Suanne Laqueur - Stories that Resonate With You

Suanne Laqueur - Stories that Resonate With You
author of the day

Suanne Laqueur used to choreograph music - now she enjoys choreographing words, weaving intricate tales about life and love that stay with readers long after finishing the book. As our Author of the Day, Laqueur reveals how one of her main characters started out as a parole officer and ended up a male escort and gives us some insights in her writing process.

1. Please give us a short introduction to what An Exaltation of Larks is about.

Larks is a book about the business of sex and the price of love. Across three decades, the lives of a passionately-devoted couple—Alex and Val Lark—and a male escort—Javier Landes—cross and intersect. The book explores what it means to be married and stay married. What it means to be an amateur lover and a professional lover. How family ties are forged, torn and mended, and how second chances are given or made

2. What brought you to the idea of making the paths of a married couple and a male escort cross?

It wasn’t the original idea. Javier Landes started out as a junior parole officer and one of his cases was a teenage runaway boy who was turning tricks to survive. Then Jav morphed into a public defender, then a social worker, but always working with this boy who saw his own looks and body as his best currency. Little by little, I realized the teenager was really Jav. I was fascinated by how this young man, who considered love not to be a friend of his, would interact with the intensely loving and passionate marriage of Alex and Val.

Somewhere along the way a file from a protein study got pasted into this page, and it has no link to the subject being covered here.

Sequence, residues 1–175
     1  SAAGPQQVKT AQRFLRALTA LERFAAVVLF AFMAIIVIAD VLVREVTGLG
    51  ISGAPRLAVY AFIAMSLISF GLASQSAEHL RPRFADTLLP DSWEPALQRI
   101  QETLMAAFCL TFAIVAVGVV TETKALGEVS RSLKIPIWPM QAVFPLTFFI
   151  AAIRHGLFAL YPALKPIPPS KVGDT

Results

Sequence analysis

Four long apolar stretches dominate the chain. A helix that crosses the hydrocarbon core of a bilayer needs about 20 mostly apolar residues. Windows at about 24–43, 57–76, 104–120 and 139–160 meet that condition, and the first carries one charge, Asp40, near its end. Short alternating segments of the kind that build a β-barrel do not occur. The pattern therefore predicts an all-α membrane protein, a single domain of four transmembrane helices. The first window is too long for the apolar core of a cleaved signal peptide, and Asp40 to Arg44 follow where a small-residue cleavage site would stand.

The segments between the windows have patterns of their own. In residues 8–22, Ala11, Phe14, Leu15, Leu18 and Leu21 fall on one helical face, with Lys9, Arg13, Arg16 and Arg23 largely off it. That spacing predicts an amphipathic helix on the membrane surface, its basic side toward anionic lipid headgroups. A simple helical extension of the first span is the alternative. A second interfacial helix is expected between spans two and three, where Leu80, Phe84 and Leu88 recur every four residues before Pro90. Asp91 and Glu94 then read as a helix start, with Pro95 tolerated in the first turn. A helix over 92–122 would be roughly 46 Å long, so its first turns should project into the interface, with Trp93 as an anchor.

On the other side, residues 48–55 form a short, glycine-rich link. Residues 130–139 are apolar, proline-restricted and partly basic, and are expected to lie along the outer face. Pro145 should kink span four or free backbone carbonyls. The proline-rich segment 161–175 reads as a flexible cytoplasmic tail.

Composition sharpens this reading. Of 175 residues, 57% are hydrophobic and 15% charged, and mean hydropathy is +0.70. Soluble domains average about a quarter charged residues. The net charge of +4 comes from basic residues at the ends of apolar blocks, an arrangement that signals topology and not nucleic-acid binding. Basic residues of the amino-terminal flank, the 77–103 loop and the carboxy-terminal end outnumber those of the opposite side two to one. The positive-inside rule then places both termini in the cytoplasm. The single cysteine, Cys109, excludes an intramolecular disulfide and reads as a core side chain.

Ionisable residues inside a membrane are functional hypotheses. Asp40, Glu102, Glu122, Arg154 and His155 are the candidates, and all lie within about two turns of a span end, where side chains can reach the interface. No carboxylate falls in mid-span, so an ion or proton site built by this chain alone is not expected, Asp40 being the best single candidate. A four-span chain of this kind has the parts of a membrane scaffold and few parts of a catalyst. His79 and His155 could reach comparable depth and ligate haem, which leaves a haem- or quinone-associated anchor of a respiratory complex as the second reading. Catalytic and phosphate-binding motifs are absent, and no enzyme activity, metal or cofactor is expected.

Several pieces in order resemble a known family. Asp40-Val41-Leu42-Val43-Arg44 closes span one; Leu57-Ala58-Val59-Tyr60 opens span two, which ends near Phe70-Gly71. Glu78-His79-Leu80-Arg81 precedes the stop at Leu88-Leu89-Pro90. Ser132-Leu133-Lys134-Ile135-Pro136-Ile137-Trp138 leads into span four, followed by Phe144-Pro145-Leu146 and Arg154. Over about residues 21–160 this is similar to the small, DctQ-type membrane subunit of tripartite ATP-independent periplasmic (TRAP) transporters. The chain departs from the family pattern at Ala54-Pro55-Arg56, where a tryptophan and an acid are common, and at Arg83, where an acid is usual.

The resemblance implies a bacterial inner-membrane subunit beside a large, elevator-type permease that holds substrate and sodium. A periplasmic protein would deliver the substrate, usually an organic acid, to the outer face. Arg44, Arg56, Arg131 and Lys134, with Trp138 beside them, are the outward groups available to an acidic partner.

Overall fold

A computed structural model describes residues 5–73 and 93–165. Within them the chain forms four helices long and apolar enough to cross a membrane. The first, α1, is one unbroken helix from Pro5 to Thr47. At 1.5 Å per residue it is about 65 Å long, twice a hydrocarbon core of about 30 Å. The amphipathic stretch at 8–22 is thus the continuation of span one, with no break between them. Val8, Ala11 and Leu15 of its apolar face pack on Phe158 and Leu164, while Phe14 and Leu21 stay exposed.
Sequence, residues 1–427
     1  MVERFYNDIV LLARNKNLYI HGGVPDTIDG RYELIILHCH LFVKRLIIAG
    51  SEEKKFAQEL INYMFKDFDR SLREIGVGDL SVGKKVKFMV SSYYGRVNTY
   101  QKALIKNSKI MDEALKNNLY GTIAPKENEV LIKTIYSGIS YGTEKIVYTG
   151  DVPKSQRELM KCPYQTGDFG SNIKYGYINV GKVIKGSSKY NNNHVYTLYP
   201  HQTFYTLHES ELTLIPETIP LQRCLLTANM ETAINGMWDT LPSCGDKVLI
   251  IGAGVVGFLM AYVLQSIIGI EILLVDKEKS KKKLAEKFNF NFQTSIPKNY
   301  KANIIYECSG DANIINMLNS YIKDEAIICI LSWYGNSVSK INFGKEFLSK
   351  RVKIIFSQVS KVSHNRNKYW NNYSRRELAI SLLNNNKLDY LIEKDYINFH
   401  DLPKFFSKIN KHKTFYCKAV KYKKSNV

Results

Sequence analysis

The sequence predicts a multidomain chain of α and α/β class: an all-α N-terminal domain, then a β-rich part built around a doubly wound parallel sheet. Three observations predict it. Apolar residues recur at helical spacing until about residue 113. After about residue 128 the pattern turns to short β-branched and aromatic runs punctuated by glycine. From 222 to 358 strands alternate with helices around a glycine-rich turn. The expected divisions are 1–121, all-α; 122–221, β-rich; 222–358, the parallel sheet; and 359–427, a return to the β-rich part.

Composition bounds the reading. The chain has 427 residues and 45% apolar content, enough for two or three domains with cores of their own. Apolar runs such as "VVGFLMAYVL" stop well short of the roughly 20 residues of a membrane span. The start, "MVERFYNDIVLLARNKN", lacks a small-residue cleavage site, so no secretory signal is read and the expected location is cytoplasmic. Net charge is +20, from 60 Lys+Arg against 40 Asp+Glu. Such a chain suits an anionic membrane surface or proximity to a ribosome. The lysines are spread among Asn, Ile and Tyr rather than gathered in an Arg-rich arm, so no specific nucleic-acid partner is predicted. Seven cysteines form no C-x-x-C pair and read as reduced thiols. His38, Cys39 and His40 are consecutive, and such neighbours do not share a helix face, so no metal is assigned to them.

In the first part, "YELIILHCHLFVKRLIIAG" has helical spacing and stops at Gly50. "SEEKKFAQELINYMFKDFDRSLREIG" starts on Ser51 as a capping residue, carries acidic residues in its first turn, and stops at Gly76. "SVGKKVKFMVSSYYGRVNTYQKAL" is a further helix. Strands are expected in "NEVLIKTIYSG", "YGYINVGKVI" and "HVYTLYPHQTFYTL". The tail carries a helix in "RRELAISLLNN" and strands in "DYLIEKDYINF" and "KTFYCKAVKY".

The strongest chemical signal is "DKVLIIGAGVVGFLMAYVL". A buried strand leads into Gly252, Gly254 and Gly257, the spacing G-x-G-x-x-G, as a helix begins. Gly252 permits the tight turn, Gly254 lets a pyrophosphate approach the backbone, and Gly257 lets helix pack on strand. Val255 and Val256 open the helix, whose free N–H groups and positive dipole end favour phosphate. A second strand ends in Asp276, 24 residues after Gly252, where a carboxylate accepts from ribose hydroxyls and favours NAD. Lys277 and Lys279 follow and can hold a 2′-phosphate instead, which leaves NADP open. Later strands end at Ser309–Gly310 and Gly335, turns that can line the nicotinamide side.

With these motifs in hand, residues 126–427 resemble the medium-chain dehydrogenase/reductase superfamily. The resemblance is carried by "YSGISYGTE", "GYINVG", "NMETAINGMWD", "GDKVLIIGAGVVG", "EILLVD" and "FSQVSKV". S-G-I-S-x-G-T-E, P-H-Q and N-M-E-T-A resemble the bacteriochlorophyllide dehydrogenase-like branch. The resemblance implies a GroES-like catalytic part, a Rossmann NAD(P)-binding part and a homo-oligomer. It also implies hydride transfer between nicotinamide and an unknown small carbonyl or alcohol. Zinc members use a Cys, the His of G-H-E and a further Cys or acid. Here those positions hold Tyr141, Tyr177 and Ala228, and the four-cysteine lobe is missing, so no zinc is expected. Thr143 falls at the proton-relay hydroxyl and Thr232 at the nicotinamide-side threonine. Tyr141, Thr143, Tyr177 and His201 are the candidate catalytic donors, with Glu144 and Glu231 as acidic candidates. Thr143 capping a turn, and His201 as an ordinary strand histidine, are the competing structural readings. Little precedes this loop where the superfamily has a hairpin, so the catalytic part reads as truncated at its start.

3. How different is choreographing words from choreographing music?

Not that much different. You have to pay attention to detail, but you also have to step back and see the big picture. You have to know where a dozen different parts are located and be conscious of how they fit together. There has to be flow. A rhythm to the scene and a rhythm to the chapters. I want my writing to appeal to both eyes and ears, I’m always conscious of how it looks and sounds.

4. How do you manage to make your characters so realistic?

Some writers have a storyline in their head and make up characters to fit it. I go the opposite way: I think up characters first and I spend months playing around with them, letting them tell me their stories. I use the analogy of a costume trunk and an improv group—I let the characters try on all kinds of things and interact. I don’t worry if any of it is going to make it into the book or if it’s usable or good or bad. I just throw it all down, writing history and backstories, dialogue and weird situations. I keep turning the page and thinking, “Well, what if…?”

6. Besides writing, what other secret skills do you have?

These aren’t so secret but I’m an avid reader, gardener and cook. Before I published, I had a blog called EatsReadsThinks where I wrote about stuff I was cooking, books I was reading, and other weird thoughts from my head and the garden bed and parenting.

7. Tell us more about Alejandro Penda - what makes him tick?

I’m actually going to let his wife, Valerie, answer that one: